This week’s play can be seen as part two of a two part treatment of Judas’ service to John. Its title could also have been, “The Betrayal of Judas”, and if that led you to ask the question, “Are you talking about Judas betraying someone, or Judas being betrayed by someone?” it would have done its work. If it further made you wonder who he betrayed, or who betrayed him, that would be icing on the cake.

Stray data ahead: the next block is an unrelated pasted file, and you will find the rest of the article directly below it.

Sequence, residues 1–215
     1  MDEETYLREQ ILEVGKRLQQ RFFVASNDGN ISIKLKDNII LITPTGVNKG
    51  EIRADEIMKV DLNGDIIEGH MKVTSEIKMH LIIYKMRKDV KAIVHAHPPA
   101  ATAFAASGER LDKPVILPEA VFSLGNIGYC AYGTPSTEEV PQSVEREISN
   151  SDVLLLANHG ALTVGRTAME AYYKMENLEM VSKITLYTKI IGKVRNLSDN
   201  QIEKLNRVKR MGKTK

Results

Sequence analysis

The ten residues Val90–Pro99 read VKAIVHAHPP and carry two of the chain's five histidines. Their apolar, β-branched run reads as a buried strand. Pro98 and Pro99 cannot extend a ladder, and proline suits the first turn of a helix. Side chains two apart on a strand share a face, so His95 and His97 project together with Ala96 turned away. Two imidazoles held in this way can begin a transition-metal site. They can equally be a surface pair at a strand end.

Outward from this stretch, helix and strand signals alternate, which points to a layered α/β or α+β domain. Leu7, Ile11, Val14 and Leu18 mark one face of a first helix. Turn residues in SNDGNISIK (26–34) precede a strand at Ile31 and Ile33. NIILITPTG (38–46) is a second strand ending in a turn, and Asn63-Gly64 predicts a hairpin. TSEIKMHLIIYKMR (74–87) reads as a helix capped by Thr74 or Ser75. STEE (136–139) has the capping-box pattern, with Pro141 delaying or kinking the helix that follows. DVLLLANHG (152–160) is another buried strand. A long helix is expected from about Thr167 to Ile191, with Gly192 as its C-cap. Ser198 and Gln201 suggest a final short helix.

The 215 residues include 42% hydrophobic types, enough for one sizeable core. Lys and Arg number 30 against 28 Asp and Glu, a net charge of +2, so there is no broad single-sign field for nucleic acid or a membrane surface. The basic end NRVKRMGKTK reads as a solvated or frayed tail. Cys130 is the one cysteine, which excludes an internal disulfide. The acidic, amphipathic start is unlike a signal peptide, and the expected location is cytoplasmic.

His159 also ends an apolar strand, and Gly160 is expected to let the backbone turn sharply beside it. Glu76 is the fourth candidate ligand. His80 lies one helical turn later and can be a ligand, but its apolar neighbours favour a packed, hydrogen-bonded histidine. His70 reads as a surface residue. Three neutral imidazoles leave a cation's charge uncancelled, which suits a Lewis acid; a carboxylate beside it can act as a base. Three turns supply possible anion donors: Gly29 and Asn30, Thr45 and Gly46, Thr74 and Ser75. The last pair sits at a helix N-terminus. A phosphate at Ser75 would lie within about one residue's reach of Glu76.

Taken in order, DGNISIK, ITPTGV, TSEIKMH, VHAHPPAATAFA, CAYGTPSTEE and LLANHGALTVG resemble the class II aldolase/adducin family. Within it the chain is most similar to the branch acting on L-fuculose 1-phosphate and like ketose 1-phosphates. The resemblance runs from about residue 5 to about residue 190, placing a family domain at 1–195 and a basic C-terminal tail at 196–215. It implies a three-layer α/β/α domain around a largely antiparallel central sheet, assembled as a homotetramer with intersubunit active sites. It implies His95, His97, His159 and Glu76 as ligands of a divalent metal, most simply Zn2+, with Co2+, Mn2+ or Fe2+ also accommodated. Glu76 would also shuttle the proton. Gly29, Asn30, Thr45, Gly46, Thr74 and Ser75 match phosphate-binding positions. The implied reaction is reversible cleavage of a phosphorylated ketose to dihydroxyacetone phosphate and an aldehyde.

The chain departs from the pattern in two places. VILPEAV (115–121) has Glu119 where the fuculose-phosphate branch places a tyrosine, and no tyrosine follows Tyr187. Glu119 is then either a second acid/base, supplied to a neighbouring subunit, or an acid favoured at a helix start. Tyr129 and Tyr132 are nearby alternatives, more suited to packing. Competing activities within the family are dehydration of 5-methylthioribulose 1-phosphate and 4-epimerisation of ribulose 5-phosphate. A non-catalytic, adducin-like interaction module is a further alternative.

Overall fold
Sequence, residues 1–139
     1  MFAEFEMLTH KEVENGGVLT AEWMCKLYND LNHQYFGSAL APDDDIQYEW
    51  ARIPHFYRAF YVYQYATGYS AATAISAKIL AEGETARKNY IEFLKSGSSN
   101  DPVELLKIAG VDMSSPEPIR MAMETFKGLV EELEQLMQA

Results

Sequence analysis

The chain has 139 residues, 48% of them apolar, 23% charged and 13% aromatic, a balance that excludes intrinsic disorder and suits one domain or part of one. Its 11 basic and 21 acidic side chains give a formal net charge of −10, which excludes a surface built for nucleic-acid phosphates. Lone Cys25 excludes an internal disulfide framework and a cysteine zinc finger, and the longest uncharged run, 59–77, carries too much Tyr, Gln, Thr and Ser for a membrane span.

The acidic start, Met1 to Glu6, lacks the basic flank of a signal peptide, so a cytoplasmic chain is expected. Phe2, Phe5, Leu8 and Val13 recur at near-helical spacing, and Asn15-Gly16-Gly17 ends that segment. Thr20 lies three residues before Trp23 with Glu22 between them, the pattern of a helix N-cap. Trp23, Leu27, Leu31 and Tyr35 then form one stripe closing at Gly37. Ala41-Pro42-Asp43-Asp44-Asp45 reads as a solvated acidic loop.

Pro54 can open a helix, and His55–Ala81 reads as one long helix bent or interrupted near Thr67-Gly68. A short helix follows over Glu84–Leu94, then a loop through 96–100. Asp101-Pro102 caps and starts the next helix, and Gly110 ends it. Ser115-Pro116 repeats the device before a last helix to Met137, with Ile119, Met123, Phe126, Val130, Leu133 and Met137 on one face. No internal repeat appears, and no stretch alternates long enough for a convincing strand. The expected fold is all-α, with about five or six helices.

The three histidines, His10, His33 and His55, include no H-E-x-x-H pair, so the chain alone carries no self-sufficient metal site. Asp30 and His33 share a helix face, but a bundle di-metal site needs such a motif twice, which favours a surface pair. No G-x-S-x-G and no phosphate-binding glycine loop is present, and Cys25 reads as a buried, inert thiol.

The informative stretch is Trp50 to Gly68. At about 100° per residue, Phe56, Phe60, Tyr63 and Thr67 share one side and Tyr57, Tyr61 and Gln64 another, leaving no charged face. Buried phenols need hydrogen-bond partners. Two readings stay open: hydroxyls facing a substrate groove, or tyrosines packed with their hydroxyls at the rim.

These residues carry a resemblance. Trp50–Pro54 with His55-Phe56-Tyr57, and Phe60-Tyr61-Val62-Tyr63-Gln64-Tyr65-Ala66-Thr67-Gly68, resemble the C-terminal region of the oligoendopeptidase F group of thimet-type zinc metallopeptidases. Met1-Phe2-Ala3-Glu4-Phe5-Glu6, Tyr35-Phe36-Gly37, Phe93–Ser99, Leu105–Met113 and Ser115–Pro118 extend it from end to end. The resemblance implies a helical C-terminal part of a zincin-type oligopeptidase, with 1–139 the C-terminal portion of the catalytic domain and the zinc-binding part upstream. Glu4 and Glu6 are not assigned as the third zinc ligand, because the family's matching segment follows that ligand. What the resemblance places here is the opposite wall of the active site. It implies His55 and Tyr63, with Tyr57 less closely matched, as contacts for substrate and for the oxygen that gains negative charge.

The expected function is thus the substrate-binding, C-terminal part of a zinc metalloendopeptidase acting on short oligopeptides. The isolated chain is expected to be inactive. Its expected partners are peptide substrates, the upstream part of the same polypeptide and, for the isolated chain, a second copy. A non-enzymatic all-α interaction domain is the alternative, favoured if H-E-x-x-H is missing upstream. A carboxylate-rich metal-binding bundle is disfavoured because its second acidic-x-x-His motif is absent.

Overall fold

This whole back story is made up, of course. There’s nothing about Judas being a disciple of John the Baptist before he was a disciple of Jesus anywhere in the gospels (though they do report that a couple of John’s disciples did leave him to join Jesus) and there’s no attempt to piece together his motives for betraying Jesus besides the account that he received thirty pieces of silver for it. It’s possible his motive was solely greed – it’s also reported that he was stealing from the group’s treasury, after all – but the approach in these plays will always be to avoid the easy and comfortable stock interpretations. If Judas was simply a thief and a traitor, then it’s too easy to look down our noses at him and gain nothing from his downfall. If, however, it is somehow possible to betray the Messiah entirely from good intentions, then we suddenly have a story worth meditating on.